An audit requires examining, on a test basis, evidence supporting the amounts and disclosures on the financial statements. An audit also involves an examination of the accounting principles and estimates used by management, as well as the internal controls in place. Lastly, an audit involves a critical examination of the overall financial statement presentation. The objective of an audit is to provide an opinion as to whether the financial statements are free from material misstatement and presented in accordance with the relevant accounting framework, such as Canadian Accounting Standards for Private Enterprises (ASPE), Canadian Accounting Standards for Not-for-profit Organizations (ASNPO), or the International Financial Reporting Standards (IFRS).
Why do you need an audit?
An audit provides external users with the highest level of assurance, and as such may be required by a bank, government agency, a shareholder or other stakeholder.
A review provides some assurance for corporations that are not required to file audited financial statements. Here, the objective is to ascertain whether the financial statements are plausible. This is done through analytical procedures, enquiry, discussion and also an assessment of the internal control environment. No opinion is provided in a review engagement, however, negative assurance is provided. An unqualified report will state that nothing has come to the accountants’ attention that would lead them to believe that the financial statements are not, in all material respects, in accordance with the relevant accounting framework, such as ASPE, ASNPO or IFRS.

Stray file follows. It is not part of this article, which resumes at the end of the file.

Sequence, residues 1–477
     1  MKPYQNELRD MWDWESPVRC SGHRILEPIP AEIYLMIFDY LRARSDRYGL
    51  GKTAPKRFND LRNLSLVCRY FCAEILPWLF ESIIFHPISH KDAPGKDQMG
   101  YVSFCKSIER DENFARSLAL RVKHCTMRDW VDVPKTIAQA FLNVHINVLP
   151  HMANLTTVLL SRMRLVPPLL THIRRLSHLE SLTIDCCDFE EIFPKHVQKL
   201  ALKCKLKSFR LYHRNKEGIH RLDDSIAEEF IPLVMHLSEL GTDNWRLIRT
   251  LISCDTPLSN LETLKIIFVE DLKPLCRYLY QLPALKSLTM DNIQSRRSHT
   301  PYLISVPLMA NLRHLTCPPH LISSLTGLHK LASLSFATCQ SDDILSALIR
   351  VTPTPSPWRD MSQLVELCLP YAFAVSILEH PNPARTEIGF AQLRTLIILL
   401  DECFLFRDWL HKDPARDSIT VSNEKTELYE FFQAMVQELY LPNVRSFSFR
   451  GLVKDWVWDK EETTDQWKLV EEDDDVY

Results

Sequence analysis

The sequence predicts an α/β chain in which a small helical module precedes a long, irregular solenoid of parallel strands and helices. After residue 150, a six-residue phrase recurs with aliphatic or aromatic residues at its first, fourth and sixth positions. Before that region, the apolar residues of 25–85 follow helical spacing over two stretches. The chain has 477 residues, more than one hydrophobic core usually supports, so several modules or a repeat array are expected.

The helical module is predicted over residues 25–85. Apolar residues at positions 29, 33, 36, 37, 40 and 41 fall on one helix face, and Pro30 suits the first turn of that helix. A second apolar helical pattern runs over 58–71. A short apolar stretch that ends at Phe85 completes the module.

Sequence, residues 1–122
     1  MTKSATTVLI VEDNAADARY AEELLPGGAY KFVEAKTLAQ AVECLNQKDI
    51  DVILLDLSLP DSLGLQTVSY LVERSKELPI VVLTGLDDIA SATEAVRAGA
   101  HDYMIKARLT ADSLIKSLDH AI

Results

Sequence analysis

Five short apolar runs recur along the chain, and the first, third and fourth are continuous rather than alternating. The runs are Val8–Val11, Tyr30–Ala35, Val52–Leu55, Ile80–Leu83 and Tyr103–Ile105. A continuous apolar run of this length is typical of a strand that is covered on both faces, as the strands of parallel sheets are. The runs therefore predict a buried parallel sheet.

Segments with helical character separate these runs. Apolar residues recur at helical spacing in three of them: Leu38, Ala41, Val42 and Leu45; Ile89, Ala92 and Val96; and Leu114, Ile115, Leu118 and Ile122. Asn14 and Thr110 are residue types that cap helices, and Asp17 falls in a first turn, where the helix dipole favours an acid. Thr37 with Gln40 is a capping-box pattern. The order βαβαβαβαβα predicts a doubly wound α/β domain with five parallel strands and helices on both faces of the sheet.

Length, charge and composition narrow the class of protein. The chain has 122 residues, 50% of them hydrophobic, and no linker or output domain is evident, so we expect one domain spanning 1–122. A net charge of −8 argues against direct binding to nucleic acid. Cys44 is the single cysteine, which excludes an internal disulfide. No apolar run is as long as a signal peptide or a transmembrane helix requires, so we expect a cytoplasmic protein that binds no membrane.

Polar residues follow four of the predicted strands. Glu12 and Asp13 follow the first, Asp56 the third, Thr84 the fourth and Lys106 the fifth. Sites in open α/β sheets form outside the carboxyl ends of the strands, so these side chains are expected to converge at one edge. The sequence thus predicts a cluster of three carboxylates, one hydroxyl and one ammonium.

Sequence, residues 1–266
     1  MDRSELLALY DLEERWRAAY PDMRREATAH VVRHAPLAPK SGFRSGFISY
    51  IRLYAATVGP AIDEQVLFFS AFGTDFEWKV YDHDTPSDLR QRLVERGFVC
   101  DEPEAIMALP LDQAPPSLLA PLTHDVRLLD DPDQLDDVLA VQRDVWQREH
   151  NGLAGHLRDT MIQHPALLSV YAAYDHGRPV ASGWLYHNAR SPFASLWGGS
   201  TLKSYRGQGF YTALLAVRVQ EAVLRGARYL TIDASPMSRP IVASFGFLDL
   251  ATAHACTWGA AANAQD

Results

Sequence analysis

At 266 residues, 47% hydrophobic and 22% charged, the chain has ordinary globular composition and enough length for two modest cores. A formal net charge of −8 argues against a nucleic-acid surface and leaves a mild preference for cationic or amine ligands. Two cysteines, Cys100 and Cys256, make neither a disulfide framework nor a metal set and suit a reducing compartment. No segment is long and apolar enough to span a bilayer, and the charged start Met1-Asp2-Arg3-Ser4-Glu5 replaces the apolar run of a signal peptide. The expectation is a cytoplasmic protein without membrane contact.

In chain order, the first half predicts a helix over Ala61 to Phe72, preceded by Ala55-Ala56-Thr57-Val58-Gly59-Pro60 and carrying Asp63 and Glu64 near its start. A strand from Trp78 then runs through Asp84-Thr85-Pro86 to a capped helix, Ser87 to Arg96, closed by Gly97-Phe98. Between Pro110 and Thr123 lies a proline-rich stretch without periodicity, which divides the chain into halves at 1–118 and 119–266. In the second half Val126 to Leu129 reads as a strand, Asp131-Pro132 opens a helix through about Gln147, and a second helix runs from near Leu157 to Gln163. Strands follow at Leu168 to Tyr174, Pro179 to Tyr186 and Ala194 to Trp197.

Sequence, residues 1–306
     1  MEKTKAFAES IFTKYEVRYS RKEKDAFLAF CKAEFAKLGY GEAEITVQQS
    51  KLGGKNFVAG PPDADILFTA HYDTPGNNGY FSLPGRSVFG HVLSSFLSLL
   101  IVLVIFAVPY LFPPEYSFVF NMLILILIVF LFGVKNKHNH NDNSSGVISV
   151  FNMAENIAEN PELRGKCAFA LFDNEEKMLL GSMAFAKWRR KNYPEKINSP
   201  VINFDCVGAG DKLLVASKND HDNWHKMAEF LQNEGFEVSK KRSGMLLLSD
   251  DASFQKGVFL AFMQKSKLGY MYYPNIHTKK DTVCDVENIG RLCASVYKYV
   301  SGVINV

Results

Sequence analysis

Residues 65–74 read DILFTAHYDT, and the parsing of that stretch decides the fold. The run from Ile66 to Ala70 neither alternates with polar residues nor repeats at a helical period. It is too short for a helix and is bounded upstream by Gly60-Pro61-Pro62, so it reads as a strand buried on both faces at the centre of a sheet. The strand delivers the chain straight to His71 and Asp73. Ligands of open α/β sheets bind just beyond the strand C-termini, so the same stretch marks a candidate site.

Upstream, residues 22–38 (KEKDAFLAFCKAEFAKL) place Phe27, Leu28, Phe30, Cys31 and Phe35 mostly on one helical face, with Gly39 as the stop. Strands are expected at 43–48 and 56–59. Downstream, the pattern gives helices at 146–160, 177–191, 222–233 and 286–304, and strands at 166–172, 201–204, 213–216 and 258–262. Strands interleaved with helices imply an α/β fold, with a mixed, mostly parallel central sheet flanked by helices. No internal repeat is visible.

Why do you need a review?
A review is cost-effective and is often used as a middle ground by external users who want a certain level of assurance that the financial statements are free from material misstatement, without subjecting the entity to an audit engagement.
notice to reader Engagement
A Notice to Reader (NTR) is a report that accompanies a set of financial statements, however, unlike an audit or review, no assurance is provided in a NTR. A NTR is often used by most small and owner managed businesses and corporations as it meets most management needs and is often sufficiently for certain external users as well.
Why do you need an NTR?
This type of engagement can be effective for a business owner to gauge their company’s performance, to assist in corporate income tax return filing, or for other regulatory requirements, and is also the most cost-effective report.
A Pro-Forma is a set of financial statements that are based on estimates and assumptions provided by management. They are often used to secure financing in situations where formal financial statements may not yet be available. This is often the case with new corporations, or pre-start up businesses who are in the planning stage. external users as well.